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Old 01-26-2007, 09:08 PM   #1
BierMuncher
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I have a kolsh steeping in my cooler as we speak. I started a bit high with the strike and the mash was 159-160.

Question, if you get detained...say work is calling you at home to see how your fever is ...and you end up letting the mash sit for 1 - 1 1/2 hours (temp goes down to 153), are you alright? Is there any disadvantage to a longer mash within the temp ranges you want?

 
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Old 01-26-2007, 09:12 PM   #2
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I think you are fine.

I routinely mash my uber-stout for 90 to 120 mins so you should be fine.

Thats being said, I would be more concerned with the 160 degree initial temp, that is close to badland. You can get nasty flavors at those temps.

RAHAHB.

Cheers,

knewshound
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Old 01-26-2007, 09:15 PM   #3
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Short answer: No. [where no is less than a day] Since the original mash temperature was so high, the beta enzymes were completely de-natured and you'll have a malty, low-fermentability wort.

Hope that's what you wanted.
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Old 01-26-2007, 09:17 PM   #4
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Lots of body and slighty sweet, my kinda beer. Up the hops and that's gonna make hell of a brew. Best suited to an ABV of 5.5 to 6.5

Real beer.
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Old 01-26-2007, 09:19 PM   #5
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Quote:
Originally Posted by david_42
Short answer: No. [where no is less than a day] Since the original mash temperature was so high, the beta enzymes were completely de-natured and you'll have a malty, low-fermentability wort.

Hope that's what you wanted.
Well, it was 10 lbs of grain (5 gallon batch) so I hope the high temp and the high grain offset slightly. Either way...it's a homebrew and I never met a beer I didn't like.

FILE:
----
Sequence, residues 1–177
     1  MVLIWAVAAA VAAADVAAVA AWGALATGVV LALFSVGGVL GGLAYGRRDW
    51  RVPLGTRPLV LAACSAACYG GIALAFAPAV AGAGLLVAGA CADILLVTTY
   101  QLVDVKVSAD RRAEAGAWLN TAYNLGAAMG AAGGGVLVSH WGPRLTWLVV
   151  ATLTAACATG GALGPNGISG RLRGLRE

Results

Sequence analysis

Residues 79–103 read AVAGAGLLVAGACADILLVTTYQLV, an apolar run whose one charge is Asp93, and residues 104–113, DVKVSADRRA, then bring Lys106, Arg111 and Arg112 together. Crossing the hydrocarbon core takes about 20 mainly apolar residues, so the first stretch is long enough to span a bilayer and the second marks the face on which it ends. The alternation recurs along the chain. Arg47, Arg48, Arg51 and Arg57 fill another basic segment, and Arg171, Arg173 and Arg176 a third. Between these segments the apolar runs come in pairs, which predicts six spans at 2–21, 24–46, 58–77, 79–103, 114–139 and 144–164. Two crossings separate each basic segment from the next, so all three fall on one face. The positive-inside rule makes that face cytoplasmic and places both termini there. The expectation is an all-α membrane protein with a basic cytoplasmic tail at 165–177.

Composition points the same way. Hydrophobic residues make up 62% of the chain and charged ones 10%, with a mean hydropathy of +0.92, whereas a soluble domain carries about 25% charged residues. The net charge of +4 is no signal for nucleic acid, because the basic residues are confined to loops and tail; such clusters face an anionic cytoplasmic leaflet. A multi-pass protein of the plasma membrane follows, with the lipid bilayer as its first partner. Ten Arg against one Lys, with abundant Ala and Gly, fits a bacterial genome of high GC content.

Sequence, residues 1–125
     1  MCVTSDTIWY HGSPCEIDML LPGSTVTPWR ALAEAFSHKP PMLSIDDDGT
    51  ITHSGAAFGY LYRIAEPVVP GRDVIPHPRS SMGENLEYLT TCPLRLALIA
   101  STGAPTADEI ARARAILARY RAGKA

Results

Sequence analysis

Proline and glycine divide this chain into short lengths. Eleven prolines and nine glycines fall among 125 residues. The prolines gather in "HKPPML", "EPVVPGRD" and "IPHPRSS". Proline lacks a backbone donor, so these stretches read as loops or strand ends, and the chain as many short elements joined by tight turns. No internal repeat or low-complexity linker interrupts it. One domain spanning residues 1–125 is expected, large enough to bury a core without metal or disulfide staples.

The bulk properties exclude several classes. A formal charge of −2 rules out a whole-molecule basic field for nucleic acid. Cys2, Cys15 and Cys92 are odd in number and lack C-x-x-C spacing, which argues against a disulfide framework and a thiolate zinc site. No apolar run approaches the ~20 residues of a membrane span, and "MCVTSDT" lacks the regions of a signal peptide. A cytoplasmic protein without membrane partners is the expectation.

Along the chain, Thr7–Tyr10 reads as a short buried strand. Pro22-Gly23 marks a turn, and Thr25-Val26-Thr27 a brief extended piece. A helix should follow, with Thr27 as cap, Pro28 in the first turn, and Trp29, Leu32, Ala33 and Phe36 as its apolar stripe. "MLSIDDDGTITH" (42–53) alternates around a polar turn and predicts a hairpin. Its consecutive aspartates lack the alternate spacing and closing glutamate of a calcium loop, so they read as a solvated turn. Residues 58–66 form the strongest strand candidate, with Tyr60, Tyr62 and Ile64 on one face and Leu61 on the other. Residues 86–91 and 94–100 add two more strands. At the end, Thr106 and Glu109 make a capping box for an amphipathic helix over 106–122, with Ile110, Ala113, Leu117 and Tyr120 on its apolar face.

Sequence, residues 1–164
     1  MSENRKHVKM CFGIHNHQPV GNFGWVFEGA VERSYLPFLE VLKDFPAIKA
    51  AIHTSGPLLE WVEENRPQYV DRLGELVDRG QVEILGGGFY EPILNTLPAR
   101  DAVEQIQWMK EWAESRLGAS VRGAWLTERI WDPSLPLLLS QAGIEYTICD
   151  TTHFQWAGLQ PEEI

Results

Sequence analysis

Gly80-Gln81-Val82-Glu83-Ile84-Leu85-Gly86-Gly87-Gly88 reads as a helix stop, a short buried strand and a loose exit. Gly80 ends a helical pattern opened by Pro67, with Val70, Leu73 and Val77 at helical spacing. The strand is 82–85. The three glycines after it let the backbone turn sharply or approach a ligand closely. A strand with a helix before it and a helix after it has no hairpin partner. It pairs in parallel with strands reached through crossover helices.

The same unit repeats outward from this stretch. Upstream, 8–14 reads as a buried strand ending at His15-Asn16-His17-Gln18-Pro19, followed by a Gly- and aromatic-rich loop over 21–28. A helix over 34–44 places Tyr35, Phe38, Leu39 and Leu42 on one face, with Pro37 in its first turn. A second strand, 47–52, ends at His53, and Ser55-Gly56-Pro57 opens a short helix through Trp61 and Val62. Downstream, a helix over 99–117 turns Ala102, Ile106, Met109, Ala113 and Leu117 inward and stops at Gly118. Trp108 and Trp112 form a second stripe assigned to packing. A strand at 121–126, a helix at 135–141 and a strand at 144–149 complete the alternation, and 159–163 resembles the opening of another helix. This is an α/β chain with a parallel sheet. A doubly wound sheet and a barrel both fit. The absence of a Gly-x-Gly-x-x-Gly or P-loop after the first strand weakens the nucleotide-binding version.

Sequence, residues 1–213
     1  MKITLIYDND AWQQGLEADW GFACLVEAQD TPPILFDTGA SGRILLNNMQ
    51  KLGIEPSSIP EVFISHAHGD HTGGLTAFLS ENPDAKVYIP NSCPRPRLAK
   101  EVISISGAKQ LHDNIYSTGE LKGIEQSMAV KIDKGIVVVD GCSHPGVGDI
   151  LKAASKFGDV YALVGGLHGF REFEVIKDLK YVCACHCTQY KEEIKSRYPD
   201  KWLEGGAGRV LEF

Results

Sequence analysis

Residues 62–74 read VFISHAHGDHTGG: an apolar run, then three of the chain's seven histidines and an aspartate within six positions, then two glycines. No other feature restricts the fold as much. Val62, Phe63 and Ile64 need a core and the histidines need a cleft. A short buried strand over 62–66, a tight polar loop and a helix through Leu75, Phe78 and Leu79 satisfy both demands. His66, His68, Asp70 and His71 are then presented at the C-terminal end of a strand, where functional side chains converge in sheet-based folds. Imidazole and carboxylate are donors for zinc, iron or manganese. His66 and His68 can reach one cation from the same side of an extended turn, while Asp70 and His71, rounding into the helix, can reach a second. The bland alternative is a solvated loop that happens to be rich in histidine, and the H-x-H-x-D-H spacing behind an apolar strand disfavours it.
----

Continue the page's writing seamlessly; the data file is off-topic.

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Old 01-26-2007, 09:22 PM   #6
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Quote:
Originally Posted by KalvinEddie
Well, it was 10 lbs of grain (5 gallon batch) so I hope the high temp and the high grain offset slightly. Either way...it's a homebrew and I never met a beer I didn't like.
You are really lucky!
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Old 01-26-2007, 09:29 PM   #7
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Quote:
Originally Posted by david_42
Short answer: No. [where no is less than a day] Since the original mash temperature was so high, the beta enzymes were completely de-natured and you'll have a malty, low-fermentability wort.
I have to disagree with that. Alpha-A. enzymes are also able to create fermentables if they are given enough time since they break chains of glucose randomly, though they show a greater affinity to the longer chained ones. You may not see the difference between 60 min and 90 min, but 1 hrs vs. 3 hrs should show a difference in fermentability of the wort. I had that happen to me when I brewed my Weizenbock since I got called away and had a stuck sparge. It turned out more fermentable than I expected for the mash schedule that I intended to run.

Kai

 
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Old 01-26-2007, 09:36 PM   #8
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Well, thinking back to the initial strike, I mashed with water that was at 168 degrees and got a reading of 155. I then drew off some of the mix and heated up, remixed and that is where I got the 159-160. (If you can't tell...this is my first AG batch). Since then, it's been holding very steady at 158-159.

Are higher temps (160 +-) okay as long as they are not the intial temps? Do you want to work your way up even in an infusion mash?

 
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Old 01-26-2007, 09:54 PM   #9
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When you think about it the actual convertion takes place in the first 20-30 minutes. Those sugars aren't going to turn back to unfermentables.
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Old 01-27-2007, 03:24 AM   #10
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Quote:
Alpha-A. enzymes are also able to create fermentables
Entirely correct, but Alpha leaves more sugar in long-chain, less fermentable states. Malty, low fermentability is a relative term.
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